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Blooming Plant
of the month


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Stephanotis floribunda (stef-ah-NO-tis flor-ih-BUN-duh)

Madagascar jasmine, Wax flower, Bridal wreath, Floradora

Stephanotises are evergreen vines that can grow as tall as 15 to 18 feet. They generally are grown as potted, trellised plants, and the vines can grow more outward than upward. The leaves are thick and leathery. Stephanotises are best known for their white, 1-inch-diameter, star-shaped florets. They have an intense fragrance that resembles jasmine (Jasminum officinale).

Stephanotises’ blossoms are white. They will appear ivory or yellow as they mature and fade.

With proper care and handling, Stephanotis plants can last for years.

Stephanotises are available year-round. The plants’ peak seasons are summer and autumn.

LIGHT Bright light will maximize plant quality and flower development. Flowers that open at lower light levels are pale and irregularly colored. Choose an east, south or west window to provide the correct light levels, but do not allow direct sunlight to hit the plants.
WATER Keep the potting mix evenly moist. Water sparingly in the winter.
TEMPERATURE Avoid sudden changes in temperature. Stephanotises are warm-loving plants that do best with nighttime temperatures of 65 F or higher and daytime temperatures of 75 F. In the winter, however, they should be kept between 55 F and 60 F. Make sure there is plenty of air circulation.
HUMIDITY Humidity levels should be high. This can be achieved in the home by placing the plants on pebble trays. Misting frequently is also beneficial.
FERTILIZER Use a bloom fertilizer, feeding the plants every two to three weeks.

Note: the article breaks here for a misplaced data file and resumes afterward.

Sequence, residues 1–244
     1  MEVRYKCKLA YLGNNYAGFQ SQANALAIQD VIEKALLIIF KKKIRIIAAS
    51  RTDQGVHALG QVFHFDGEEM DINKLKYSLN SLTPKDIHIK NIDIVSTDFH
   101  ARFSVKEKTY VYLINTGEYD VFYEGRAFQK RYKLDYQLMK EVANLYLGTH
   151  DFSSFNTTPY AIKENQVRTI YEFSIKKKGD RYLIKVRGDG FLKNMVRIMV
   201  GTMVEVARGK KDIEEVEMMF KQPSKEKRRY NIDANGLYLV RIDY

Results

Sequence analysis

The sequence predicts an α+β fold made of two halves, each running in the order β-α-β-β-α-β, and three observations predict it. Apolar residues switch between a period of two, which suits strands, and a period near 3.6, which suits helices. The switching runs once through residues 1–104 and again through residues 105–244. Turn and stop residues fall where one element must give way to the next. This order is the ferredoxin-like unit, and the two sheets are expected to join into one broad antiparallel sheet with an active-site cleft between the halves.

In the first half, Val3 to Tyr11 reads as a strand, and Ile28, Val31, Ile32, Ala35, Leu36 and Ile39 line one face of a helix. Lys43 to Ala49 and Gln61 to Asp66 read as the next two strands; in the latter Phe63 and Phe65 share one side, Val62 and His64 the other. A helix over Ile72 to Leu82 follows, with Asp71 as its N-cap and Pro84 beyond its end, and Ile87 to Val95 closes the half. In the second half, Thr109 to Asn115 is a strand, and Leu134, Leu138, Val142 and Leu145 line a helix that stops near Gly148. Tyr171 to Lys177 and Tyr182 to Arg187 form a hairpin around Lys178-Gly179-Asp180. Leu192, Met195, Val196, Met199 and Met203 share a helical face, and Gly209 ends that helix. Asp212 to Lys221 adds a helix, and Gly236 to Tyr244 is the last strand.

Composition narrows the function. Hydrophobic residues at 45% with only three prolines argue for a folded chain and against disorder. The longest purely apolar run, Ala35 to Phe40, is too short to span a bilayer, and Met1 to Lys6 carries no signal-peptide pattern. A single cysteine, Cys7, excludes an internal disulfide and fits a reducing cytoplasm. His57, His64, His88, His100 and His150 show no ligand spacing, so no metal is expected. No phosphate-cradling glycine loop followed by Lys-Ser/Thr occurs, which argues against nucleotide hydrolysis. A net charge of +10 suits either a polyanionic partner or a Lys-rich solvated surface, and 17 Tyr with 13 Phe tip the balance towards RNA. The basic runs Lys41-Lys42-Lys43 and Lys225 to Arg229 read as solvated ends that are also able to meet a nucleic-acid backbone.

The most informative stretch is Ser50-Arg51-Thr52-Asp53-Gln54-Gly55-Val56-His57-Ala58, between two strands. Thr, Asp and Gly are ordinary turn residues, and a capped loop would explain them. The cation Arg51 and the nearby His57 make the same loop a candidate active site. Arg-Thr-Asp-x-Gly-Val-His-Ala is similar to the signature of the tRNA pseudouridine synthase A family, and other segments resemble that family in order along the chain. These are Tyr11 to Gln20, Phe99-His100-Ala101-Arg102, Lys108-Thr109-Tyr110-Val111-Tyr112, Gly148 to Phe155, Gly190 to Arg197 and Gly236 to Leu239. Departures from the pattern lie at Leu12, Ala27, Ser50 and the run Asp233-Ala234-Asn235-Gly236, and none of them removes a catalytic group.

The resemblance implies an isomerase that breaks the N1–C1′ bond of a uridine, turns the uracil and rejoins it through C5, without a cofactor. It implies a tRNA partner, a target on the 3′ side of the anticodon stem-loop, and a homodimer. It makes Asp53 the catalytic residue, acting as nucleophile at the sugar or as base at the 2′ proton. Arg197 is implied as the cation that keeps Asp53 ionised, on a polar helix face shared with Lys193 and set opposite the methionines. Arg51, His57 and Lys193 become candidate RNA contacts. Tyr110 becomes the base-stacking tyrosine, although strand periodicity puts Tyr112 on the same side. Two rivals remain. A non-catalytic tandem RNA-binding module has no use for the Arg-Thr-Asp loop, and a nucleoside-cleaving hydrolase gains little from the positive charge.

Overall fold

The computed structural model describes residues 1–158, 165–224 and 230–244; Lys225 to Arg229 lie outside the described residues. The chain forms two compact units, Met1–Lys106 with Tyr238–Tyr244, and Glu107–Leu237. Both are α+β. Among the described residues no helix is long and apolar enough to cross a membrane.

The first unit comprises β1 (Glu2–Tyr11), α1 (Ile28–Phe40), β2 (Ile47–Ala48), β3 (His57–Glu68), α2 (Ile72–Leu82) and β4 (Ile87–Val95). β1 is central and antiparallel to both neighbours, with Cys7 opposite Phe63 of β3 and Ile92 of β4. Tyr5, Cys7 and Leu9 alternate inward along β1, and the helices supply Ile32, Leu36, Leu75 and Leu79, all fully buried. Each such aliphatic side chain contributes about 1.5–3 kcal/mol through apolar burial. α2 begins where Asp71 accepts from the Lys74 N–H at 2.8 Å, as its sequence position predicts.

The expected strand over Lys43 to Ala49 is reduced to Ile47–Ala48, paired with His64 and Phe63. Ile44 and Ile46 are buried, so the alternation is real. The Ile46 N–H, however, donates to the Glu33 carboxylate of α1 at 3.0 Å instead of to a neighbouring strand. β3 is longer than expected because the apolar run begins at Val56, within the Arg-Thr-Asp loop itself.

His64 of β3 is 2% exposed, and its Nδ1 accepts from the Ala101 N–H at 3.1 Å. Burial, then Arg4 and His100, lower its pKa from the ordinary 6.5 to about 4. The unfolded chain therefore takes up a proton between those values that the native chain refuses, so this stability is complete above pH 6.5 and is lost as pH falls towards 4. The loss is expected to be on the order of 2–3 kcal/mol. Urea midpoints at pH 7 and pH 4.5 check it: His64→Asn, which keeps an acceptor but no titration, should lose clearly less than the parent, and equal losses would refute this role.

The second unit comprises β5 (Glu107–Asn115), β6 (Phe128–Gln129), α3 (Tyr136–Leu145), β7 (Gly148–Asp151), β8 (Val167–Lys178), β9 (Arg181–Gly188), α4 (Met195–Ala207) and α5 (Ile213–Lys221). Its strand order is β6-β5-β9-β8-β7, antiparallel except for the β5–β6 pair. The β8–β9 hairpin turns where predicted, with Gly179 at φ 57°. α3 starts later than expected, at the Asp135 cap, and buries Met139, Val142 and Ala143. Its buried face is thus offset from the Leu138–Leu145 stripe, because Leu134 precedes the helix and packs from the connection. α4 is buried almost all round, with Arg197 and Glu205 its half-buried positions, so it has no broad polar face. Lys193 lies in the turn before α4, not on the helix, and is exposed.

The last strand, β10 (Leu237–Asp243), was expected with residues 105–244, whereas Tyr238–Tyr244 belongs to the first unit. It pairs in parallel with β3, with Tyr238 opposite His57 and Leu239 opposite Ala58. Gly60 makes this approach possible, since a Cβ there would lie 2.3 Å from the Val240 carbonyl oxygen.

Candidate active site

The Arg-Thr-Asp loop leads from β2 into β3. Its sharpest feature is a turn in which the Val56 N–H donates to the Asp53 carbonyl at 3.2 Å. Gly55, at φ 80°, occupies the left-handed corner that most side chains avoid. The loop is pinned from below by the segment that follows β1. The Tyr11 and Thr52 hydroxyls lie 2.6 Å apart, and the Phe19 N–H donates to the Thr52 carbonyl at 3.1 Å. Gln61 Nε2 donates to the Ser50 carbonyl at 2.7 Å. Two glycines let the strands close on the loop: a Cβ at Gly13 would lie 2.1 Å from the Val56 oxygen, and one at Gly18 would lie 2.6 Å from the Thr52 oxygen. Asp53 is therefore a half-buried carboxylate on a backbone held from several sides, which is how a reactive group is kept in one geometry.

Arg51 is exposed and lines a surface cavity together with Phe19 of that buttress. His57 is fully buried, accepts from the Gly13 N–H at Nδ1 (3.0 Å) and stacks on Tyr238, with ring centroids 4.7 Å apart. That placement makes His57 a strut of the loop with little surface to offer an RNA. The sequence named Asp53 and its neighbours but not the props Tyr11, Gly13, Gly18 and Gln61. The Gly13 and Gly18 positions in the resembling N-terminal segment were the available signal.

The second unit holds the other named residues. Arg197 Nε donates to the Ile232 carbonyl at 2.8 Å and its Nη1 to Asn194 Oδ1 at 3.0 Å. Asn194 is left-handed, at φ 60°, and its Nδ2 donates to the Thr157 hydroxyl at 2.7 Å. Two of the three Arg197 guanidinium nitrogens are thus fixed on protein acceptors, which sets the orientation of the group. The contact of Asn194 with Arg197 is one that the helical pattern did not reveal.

GROOMING Remove individual flowers as they fade. If lower leaves turn yellow, they can be removed without damaging the plants.
repotting Repot the plants in the spring every two years.

ETHYLENE SENSITIVITY Stephanotises can be affected by ethylene gas. Check with your supplier to make sure your plants have been treated with an anti-ethylene agent at the grower level or during transportation.

Look for florets that are bright white, waxy and plump. There should be no signs of bruising, yellowing, spotting, mold or wilt.

SPIDER MITES These pests afflict young plants. They can be kept down by fumigating, vaporizing or syringing the plants with a solution of insecticidal soap.
THRIPS If thrips infest the plants, they will eliminate the rich, green coloring that characterizes the foliage of healthy Stephanotises. Syringing with a solution of insecticidal soap will control them.
MEALYBUGS This is the biggest pest problem for Stephanotis plants. Their feeding method weakens and stunts plants, and causes leaf distortion, yellowing and even total leaf loss. In some cases, plants can be killed. Mealybugs produce large amounts of honeydew, which can coat plants and surrounding surfaces with a sticky layer. A black fungus commonly known as “sooty mold” grows on the honeydew. Applying rubbing alcohol with a cotton swab to the leaves will eliminate this pest.

Some information provided by:
Brannan Street Wholesale Florist, Inc., San Francisco, Calif.
The Chain of Life NetworkÆ,,,
Dave’s Garden, 
The New House Plant Expert, by Dr. D.G. Hessayon

You may reach “Blooming Plant of the Month” writer Steven W. Brown, AIFD, at or by phone at (415) 239-3140.

Photos courtesy of The John Henry Company

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